Thank you Walter Learning

39
Colourful stories and characters have always been part of Walter Learning's life. Learning (left) with his friend and literary colleague, Alden Nowlan, in the 1970s

“All the world’s a stage,” Shakespeare observed in As You Like It, “and all the men and women merely players: / they have their exits and their entrances; / and one man in his time plays many parts.”

Walter Learning has played many parts since his birth on a cold November day in 1938 in a fishing village on the Newfoundland coast. Among his most significant roles and achievements, is as the founder of Theatre New Brunswick, which this year marks its 50th anniversary.

“I was born and grew up in Quidi Vidi, in the independent nation of Newfoundland,” Learning says, “with a father who didn’t just tell stories, but was a story, or rather a bunch of stories rolled into one.”

Today “Kiddy Viddy” is a thriving St. John’s neighbourhood and growing tourism destination. Back then it was as salty a North Atlantic fishing community as you could find — something right out of central casting. So much so that in 1930, an American documentary filmmaker named Lewis Varick Frissell, chose Quidi Vidi as the location for his film, The Viking, the first Hollywood style sound film ever made in Canada.

Unfortunately, things did not work out well for Frissell. Or his film. In 1931, while he and his crew were filming off the Grand Banks, their ship, trapped in ice, exploded killing 27 men, including Frissell. The tragedy still stands as the largest loss of life of a film production crew in history.

Things, however, would work out well for young Walter, who absorbed dramatic stories like this, and the thousands of others he heard growing up, deep into his imagination. But it was more than the stories; it was the people telling them — and the way they told them, or rather, performed them with their accents and colloquialisms — that would have the most significant impact on him.

Crammed with colourful characters, Quidi Vidi, was Learning’s first stage, a childhood theatre of the magnificent that not only inspired his love of performing but also his passion for living, and the colourful stories and characters that have always been part of his life.

Before arriving in Fredericton in 1957 to study business at UNB, Learning worked as a plumber’s apprentice and a used car salesman, skills, he writes on walterlearning.com, that would prove valuable when he settled on a career in the theatre.

But a business degree was not to be. In pursuit of an attractive fellow student Learning signed up for a philosophy class. Although he didn’t get the girl, he fell in love with the subject and in his second year switched from business to philosophy. Considering his many contributions to Canadian theatre, his influence on New Brunswick’s cultural life and the cultural life of Canada, switching to philosophy was a good idea.

At UNB, Learning met Alvin Shaw, a lecturer in the modern languages department, and faculty advisor to the UNB Drama Society. After Shaw cast him in a supporting role in a production, Learning was hooked. Shaw became his mentor, and the road to the young Newfoundlander’s future in the theatre opened up. In 1963, when he earned his MA from UNB, Learning was in Australia courtesy of a Commonwealth Scholarship working on his PhD at the Australian National University in Canberra.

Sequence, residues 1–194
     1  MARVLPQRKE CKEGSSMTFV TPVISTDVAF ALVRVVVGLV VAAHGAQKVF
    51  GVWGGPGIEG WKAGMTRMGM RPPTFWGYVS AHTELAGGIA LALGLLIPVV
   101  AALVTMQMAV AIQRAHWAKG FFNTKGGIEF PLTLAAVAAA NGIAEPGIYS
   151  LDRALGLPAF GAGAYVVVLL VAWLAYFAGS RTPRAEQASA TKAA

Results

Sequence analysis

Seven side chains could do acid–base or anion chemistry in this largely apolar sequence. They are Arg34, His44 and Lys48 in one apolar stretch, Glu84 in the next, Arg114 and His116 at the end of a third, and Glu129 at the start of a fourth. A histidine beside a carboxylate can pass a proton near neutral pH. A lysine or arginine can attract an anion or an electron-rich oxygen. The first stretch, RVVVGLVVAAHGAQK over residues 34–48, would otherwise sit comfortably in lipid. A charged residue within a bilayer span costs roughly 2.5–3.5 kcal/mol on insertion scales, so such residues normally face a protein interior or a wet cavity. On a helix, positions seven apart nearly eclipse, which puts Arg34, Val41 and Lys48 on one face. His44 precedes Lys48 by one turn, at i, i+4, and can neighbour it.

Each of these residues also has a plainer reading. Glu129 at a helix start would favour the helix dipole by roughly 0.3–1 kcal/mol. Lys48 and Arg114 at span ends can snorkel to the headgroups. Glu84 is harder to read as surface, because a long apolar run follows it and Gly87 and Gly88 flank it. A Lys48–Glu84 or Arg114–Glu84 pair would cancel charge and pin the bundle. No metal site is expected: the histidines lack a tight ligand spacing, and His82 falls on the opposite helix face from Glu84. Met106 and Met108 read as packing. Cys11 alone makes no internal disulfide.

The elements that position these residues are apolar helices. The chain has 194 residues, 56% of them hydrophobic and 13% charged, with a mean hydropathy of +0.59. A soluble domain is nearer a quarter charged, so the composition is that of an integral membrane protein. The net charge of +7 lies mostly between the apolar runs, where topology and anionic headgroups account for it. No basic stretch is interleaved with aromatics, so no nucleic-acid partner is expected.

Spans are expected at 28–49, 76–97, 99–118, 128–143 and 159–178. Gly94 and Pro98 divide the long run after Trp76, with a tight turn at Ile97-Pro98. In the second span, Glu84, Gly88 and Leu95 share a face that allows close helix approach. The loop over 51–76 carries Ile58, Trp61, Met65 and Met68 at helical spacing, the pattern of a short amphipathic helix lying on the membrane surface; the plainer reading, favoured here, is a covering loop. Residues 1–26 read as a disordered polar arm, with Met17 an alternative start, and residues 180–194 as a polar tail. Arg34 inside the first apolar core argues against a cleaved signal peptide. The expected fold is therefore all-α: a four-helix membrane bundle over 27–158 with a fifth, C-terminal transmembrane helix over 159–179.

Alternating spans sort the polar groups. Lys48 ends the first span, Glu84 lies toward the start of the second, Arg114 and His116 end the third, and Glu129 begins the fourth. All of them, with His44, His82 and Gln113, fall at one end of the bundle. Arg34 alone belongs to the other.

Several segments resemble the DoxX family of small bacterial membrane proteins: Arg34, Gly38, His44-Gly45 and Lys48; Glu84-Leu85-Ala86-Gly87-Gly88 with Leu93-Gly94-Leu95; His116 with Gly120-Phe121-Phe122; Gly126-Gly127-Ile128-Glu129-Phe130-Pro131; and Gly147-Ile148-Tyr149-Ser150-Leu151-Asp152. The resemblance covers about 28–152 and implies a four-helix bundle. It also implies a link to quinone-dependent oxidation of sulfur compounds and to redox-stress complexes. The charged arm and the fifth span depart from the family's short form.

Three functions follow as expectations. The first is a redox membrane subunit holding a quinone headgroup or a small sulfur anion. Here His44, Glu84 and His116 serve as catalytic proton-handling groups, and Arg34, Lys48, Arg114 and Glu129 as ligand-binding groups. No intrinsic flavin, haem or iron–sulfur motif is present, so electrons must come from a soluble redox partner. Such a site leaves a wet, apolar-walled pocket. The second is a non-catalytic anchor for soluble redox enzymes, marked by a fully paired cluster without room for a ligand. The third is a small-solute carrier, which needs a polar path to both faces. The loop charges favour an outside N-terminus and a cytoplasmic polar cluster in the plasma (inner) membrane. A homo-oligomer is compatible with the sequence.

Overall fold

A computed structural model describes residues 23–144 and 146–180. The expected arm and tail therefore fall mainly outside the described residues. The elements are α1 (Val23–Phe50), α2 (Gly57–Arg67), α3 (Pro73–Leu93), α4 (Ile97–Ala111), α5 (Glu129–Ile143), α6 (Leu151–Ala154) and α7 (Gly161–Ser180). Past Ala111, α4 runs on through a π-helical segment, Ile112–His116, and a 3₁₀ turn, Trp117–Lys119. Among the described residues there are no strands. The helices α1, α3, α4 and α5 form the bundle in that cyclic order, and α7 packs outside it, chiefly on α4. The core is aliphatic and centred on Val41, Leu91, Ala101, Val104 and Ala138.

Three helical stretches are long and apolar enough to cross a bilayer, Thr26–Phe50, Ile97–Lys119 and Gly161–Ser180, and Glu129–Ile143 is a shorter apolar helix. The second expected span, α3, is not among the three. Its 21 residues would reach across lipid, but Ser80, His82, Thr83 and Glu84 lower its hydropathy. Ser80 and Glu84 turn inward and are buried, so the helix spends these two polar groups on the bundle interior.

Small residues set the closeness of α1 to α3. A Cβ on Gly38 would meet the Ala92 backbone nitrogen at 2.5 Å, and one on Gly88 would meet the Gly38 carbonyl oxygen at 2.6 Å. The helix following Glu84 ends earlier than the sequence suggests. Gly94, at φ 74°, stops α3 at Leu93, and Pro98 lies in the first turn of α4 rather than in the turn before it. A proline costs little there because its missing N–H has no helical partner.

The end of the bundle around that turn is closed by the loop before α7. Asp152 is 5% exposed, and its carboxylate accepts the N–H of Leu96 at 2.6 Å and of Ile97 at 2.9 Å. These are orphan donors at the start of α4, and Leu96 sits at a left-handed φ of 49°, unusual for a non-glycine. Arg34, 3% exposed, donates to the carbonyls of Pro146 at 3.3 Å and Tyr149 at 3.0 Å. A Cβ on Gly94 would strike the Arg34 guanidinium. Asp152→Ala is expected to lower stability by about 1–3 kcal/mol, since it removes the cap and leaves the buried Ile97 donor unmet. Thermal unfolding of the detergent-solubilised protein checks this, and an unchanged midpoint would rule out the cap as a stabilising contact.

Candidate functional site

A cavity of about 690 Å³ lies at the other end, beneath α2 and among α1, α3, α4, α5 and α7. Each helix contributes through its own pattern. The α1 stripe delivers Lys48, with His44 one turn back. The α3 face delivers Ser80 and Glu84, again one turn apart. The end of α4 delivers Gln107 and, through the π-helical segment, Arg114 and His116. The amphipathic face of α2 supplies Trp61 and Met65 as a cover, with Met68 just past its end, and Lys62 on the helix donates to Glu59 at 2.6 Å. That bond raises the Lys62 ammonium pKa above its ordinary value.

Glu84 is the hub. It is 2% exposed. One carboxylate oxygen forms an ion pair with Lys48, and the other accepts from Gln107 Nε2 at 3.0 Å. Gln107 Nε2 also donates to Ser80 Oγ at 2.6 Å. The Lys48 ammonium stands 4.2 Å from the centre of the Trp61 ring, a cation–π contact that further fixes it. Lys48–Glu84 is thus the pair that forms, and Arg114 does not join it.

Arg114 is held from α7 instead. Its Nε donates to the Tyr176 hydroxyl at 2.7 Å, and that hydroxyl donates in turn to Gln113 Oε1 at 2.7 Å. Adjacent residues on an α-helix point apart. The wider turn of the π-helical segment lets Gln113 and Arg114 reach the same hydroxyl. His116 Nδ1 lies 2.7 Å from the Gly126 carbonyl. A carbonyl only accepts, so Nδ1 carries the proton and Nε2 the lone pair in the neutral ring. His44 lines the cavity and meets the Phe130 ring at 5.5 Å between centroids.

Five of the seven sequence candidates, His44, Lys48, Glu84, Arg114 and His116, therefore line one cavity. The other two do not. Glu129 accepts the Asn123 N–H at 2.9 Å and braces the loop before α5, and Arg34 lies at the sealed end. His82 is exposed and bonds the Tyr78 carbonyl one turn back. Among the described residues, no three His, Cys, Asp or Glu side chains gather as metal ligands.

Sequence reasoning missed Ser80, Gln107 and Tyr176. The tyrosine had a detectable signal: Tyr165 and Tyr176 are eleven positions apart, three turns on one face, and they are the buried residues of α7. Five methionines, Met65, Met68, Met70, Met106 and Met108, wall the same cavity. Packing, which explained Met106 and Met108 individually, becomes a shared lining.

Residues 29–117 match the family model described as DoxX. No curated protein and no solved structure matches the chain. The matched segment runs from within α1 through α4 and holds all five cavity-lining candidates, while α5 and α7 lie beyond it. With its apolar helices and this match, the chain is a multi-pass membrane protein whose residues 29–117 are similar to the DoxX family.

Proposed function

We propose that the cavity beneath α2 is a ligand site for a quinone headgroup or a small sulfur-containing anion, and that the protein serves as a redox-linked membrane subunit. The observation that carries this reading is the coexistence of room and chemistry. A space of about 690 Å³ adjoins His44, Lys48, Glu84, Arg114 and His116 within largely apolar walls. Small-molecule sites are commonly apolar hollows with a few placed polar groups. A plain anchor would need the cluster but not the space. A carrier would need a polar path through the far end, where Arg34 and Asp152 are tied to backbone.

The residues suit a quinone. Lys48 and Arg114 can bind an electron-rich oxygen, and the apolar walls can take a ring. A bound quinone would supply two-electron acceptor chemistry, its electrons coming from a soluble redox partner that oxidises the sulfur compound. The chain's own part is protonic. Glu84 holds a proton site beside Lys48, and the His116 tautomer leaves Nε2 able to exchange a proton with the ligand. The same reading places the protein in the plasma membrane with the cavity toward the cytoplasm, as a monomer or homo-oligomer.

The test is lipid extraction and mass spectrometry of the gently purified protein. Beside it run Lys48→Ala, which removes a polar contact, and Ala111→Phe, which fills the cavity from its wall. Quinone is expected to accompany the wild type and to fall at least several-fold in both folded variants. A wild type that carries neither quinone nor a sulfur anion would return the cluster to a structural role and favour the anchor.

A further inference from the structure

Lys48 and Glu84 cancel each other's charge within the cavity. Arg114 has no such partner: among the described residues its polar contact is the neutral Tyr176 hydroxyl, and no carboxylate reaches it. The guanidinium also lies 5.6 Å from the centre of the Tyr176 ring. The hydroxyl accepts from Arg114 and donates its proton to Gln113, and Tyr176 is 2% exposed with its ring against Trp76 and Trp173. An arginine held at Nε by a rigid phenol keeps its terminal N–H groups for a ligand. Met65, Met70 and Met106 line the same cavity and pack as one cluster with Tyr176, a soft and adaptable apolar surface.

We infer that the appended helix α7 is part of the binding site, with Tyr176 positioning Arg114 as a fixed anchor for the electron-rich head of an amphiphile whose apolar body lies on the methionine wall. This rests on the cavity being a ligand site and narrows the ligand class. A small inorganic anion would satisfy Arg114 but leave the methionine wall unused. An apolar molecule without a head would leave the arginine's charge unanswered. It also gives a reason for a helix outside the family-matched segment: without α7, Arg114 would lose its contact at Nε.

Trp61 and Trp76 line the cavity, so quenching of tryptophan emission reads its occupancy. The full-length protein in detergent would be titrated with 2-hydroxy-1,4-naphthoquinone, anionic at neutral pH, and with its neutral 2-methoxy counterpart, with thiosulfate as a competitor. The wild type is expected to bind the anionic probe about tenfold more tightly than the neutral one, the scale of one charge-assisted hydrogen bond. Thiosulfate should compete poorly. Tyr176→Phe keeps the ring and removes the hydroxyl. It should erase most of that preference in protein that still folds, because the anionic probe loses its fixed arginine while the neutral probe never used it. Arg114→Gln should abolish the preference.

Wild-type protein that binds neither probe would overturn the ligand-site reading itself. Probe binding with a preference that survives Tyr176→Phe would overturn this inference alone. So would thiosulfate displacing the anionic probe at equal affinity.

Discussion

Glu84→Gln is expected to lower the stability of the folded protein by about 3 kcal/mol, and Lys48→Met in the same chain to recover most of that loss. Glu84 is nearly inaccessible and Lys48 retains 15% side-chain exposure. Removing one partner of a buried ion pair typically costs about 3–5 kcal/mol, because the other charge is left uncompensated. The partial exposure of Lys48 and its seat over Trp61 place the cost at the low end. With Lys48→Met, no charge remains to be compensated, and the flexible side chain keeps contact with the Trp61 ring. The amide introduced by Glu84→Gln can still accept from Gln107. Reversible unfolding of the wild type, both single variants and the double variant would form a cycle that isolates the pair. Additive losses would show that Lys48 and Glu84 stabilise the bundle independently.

In May 1968, Learning returned to Fredericton to become the general manager of the Beaverbrook Playhouse. A few months later, he founded Theatre New Brunswick, which presented its first production in January 1969. Under Learning’s guidance as artistic director, over the next 10 years, TNB produced more than 85 productions. As one of Canada’s oldest and longest running regional theatre companies, TNB continues to create extraordinary theatre experiences that inspire, entertain and awaken the imagination of all New Brunswickers.

Another of Walter Learning’s most important roles is that of friend, of whom he has many. In April 1991, during the memorial service for Richard Hatfield, Learning spoke eloquently about his old friend and shared numerous experiences he and the former premier shared with their mutual friend, poet Alden Nowlan.

Reading from Nowlan’s poem, What Happened When He Went to the Store for Bread, Learning’s voice and Nowlan’s words lifted the spirits and opened the hearts of everyone who was in Fredericton’s Christ Church Cathedral that day. Even those who watched on closed-circuit TV had tears in their eyes.

” … there must be people in cities that I’ve never visited whose lives have changed, / perhaps not because of what I’ve written but because I wrote: / it might be that they didn’t like my play and so left early and because they left early something happened that would not have happened if they’d stayed – / I put it that way so as not to sound immodest. / God knows, / there’s not a lot to boast about when so much seems to depend upon the time of day a boy goes out to buy a loaf of bread.”

Thank you Walter Learning for all you have done to enrich the cultural life of New Brunswick including 50 years of professional theatre. A big round of applause for you! And, while I’m at it, a round of applause for Quidi Vidi, and your friends Richard and Alden too.

LEAVE A REPLY

Please enter your comment!
Please enter your name here